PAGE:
SHIP AHOAX: One of the best shows I've seen in any series. Ginger's magic trick may turn into the castaways' salvation. An honestly entertaining and interesting episode.

HI-FI GILLIGAN: Something silly turns into something moving and profound. Gilligan gets hit on the head, and his head turns into a radio receiver. By the end of the episode, we get a wonderful picture of how each of the castaways cares for each other. A must-see.

SEER GILLIGAN: When Gilligan eats the seeds from a plant, he gains the ability to read minds. And we learn why it might be a good idea not to eat those seeds.

HIGH MAN ON THE TOTEM POLE: Because two heads are better than one.

ALL ABOUT EVA: Because two Gingers are better than one.

UP AT BAT: Great kiddie Halloween fun.

THE FRIENDLY PHYSICIAN: If only they could have put Mary Ann's brain into Ginger's body. . .

GHOST A GO-GO: Beware of ghosts bearing gifts!

CASTAWAYS PICTURES PRESENTS: “What's THAT?!!” It's a hand, Skipper. :)

SMILE, YOU'RE ON MARS CAMERA: A camera meant to land on Mars lands on the Island instead. The silliness factor reaches its highest peak.

TOPSY-TURVEY: Gilligan sees everything upside-down. “One professor, two professor. . .”

SPLASHDOWN: What are the chances that one of the astronauts would be named “Sol?” Dang, talk about bad luck! And talk about funny!

VOODOO: Professor as a zombie. Ginger's rain dance. What more could you want – a giant spider?

THE PIGEON: A giant spider. And a man whose pigeon flies to the island.

SKIPPER: Professor, what are the chances this plan will work?
PROFESSOR: Well. . .a million to one.
SKIPPER: Oh, great! A million to one! What could be worse odds than that?
GILLIGAN: A million to none!
PROFESSOR: Exactly! At least there’s a chance!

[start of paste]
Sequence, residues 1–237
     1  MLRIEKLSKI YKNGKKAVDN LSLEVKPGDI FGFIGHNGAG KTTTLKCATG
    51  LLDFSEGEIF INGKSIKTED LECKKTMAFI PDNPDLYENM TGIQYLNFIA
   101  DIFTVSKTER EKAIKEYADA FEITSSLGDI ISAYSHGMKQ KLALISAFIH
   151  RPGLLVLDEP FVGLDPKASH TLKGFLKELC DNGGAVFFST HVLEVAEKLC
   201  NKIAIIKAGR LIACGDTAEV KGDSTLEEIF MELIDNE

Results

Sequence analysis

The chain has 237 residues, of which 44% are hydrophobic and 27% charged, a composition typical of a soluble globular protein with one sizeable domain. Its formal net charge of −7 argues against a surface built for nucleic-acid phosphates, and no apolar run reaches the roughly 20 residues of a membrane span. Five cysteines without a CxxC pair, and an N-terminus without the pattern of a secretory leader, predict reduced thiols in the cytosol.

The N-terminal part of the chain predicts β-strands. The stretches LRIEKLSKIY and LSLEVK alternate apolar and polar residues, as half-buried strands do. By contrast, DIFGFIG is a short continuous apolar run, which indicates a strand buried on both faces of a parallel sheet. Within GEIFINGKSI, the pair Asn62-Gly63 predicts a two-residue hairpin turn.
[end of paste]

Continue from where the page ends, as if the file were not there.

SKIPPER: Ginger, you don’t need me. You’ve got Gilligan, you’ve got Mr. Howell, and you’ve got the Professor.
GINGER: Gilligan is just a boy, Mr. Howell is a married man, and the Professor is only interested in my mind!

This Gilligan fan club site has plenty of fun things, including a list of Ginger’s movie credits. Check it out!

If you’re willing to wade through a lot of pop-up ads, you can find some nice pictures of the Gilligan cast members by following the link at the site below:


FROM THE ‘I THOUGHT I HAD SEEN IT ALL’ DEPARTMENT: Apparently, the radioactive spider that bit Peter Parker crawled into a sack of potatoes and bit Mr. Potato Head as well, creating the super-hero “Mr. Potato Spud-man!” Or something like that. This picture is from the recent national “toy fair.“ I assume we’ll be seeing the toy around the time “Spidey 3” comes out. Until then, we can plan for the ultimate battle with Darth Tater. :)


WEB CLAM: Do you like to eat clams? For some reason, here in SoCal, despite the fact that we are pretty close to an ocean, clams are hard to find on the menu. But I have had my share of clam chowder in my day, and I do approve of it. While searching for images of Tina Louise, I came upon Michael Marcus’ great clam Web page. (I also managed to find a Greta Garbo stamp and a picture of a dog with her puppies. Sigh. Web page surfing is not a perfect art yet.) Michael’s page has almost everything you would want to know about eating clams. Check it out!


THEIR OWN SERIES AT LAST! Two of my heroes will finally be getting their own TV series, albeit a very short one. The Muppet Newsflash blog has reported that Ernie and Bert will appear as animated characters in a series of 5-minute long episodes in “The Adventures of Bert and Ernie.” A handful of media outlets worldwide (including ABC in Australia) plan to air the series. I'm hoping that a kind muppet fan in Australia will be willing to trade episodes of this. (Anybody here from Australia?) You can read all about it at the blog posting here:

This is a great idea. But what isn't so great is the fact that (at this time) Sesame Workshop has NO plans to air it in the U.S.! Arrgh! Why on earth not? Bert and Ernie are certainly still household names here. It would make a great insert segment for Sesame Street. So why don't they show it here?